Altered expression of the genes that control apoptosis and proliferation may influence the response of cancer cells to cytotoxic agents. The primary aim of this study was to determine the role of the novel antiapoptotic and cell cycle gene, survivin, in apoptotsis and proliferation in esophageal cancer and to evaluate whether the survivin, p53, and bcl-2 status were able to predict a patient's response to neoadjuvant therapy. A total of 104 patients with esophageal tumors were studied. Tumor tissue was immunostained for survivin, p53, and bcl-2 proteins. Proliferative and apoptotic activity was measured using ki-67 immunohistochemical analysis and the TUNEL method, respectively. Forty-eight patients whose pretreatment biopsies were analyzed received neoadjuvant chemoradiation therapy or chemotherapy followed by surgery. Outcome was graded as a complete response, a partial response, or no response according to the results of histologic examination and CT imaging. Expression of survivin was found to correlate significantly with the proliferative index but not the apoptotic index. Patients who received neoadjuvant treatment were more likely to achieve a complete response if their tumors had high proliferative activity, and p53 positive tumors were more likely to contain residual tumor after treatment. In conclusion, survivin expression appears to foster proliferative activity in esophageal cancer, and tumors with a high proliferative index or a functioning p53 gene are more responsive to neoadjuvant chemoradiation therapy.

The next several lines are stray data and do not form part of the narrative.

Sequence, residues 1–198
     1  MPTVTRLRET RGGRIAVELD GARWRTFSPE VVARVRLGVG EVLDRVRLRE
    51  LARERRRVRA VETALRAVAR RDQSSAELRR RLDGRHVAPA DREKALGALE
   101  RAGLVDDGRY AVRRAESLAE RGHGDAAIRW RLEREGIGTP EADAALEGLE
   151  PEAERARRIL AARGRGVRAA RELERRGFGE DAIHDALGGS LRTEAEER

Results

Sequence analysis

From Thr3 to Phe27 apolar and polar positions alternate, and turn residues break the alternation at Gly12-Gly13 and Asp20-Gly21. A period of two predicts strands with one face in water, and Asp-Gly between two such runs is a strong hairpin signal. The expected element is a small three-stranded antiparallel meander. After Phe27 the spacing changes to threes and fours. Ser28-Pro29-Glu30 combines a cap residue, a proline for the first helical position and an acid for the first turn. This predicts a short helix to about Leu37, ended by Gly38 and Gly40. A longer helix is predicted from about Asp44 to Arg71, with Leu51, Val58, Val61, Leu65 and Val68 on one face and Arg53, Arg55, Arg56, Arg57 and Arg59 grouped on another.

Copyright 2003 The Society for Surgery of the Alimentary Tract, Inc.